Clapperton Chakanetsa Mavhunga is training thinker-doers and problem solvers. This will require an entirely new curriculum, he says. “The curriculum we are designing shifts attention from merely meeting the needs of foreign industry towards producing visionaries, critical thinkers, makers, and designers, to imagine and create new industry that meets the needs of society.”
Clapperton Mavhunga asks us to lean toward problems. Photo: Bret Hartman / TED
Dayo Ogunyemi believes in the transformative power of film — and his talk uses strong imagery as a springboard to examine Africa’s self-image. He leads us through a thought exercise called the 100-year leap: Imagine stepping back in time to the year 1917. Now imagine that same world but with semiconductors, modern medicines, jets. Dayo suggests that Africa’s untapped innovation could lead to just as big a jump — a century’s worth of progress — if it can only be unleashed.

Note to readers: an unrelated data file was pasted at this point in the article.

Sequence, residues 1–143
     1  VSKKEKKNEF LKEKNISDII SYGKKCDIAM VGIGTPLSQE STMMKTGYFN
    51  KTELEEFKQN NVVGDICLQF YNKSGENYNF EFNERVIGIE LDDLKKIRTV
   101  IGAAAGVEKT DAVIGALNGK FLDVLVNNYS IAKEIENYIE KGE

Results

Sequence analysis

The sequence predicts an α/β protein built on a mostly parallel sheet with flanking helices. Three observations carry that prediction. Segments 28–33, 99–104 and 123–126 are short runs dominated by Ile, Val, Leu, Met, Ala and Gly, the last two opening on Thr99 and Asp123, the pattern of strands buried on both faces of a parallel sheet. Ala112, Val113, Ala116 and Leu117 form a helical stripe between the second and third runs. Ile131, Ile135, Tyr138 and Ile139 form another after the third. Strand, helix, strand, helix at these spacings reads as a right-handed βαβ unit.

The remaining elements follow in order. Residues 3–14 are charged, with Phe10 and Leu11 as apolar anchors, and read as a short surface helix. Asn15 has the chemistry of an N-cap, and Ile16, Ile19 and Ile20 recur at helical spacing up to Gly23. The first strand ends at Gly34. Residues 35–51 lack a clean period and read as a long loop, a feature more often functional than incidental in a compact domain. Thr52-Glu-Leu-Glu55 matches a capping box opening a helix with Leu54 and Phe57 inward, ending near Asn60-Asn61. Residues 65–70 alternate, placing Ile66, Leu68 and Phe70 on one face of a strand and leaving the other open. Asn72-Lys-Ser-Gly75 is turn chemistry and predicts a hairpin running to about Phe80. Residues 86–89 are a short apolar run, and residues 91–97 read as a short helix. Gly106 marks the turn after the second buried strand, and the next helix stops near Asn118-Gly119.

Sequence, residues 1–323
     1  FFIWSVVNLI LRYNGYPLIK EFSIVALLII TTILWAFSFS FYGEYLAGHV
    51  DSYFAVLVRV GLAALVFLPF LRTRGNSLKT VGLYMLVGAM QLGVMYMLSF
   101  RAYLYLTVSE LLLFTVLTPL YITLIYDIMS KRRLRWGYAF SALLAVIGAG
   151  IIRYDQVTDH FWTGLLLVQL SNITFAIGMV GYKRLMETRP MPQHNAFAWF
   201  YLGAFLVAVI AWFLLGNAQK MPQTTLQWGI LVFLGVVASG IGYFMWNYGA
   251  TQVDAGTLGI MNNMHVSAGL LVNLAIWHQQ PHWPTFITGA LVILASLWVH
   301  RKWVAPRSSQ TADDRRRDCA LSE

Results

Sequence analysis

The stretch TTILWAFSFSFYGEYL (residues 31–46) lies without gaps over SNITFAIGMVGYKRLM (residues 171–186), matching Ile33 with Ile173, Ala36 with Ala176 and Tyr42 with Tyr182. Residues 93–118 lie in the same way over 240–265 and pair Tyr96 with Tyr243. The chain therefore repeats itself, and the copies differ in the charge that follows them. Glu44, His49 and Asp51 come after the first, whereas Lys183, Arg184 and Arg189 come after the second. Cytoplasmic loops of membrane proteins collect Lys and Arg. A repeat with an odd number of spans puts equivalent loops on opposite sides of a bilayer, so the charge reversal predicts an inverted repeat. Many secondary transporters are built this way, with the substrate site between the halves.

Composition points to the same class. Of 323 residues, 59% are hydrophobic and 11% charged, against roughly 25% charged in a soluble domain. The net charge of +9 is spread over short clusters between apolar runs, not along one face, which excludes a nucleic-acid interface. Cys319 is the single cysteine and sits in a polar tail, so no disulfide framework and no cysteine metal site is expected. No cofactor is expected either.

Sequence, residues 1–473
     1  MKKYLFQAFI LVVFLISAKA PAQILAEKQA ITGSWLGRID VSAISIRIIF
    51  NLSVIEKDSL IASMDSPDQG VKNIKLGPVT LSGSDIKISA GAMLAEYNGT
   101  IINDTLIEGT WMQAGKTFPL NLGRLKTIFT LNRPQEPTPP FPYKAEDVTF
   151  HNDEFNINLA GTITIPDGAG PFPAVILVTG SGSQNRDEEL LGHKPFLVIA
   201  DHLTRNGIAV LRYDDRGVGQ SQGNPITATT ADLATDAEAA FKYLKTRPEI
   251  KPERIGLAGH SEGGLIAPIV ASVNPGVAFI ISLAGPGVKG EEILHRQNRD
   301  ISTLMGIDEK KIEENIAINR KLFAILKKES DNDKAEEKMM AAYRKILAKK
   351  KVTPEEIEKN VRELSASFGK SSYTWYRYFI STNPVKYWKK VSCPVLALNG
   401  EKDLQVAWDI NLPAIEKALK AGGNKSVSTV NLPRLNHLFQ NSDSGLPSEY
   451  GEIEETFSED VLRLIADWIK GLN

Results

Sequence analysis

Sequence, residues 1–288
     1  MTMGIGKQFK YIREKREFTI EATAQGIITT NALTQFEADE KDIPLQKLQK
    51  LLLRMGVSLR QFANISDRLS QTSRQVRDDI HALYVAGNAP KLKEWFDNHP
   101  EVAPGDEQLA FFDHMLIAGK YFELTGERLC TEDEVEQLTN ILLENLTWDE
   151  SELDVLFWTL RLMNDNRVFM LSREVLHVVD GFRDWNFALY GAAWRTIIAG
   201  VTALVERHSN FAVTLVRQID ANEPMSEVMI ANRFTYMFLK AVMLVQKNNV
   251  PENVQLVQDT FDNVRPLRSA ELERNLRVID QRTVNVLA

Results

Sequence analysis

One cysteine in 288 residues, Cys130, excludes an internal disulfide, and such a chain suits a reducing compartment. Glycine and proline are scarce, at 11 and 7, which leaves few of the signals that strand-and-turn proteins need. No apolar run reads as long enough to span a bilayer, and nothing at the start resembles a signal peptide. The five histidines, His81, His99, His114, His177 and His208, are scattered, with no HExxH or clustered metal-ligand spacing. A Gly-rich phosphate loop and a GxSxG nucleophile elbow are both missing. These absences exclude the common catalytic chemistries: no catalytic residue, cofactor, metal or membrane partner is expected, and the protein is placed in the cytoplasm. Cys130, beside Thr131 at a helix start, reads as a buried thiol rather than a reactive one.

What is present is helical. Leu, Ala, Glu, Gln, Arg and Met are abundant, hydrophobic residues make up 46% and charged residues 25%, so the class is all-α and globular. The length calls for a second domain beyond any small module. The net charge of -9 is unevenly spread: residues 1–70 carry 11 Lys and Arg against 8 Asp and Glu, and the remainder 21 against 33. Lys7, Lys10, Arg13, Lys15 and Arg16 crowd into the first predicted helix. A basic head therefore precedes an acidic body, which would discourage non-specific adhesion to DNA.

Dayo Ogunyemi speaks in front of a still from Rungano Nyoni’s film “I Am Not a Witch,” a story of Zambia that brought a challenging new vision to the Cannes Film Festival this year. But what matters, Dayo suggests, is not so much the international festival crowd, but what Africans think of their own creators. Photo: Bret Hartman / TED
Kisilu Musya quit his job in the city to become a farmer. But for years, he struggled. Failed crops made it difficult to put food on the table and send his children to school. When he consulted the other farmers who lived near him, he discovered that his situation wasn’t unique. His thirst for a solution drove him to enroll in agricultural courses, where he learned how climate change had shifted the realities of growing crops. Musya took his newly acquired knowledge back to his community. He reports that the techniques they would execute together, saw them achieve three times the yield they were accustomed to seeing when harvest time came.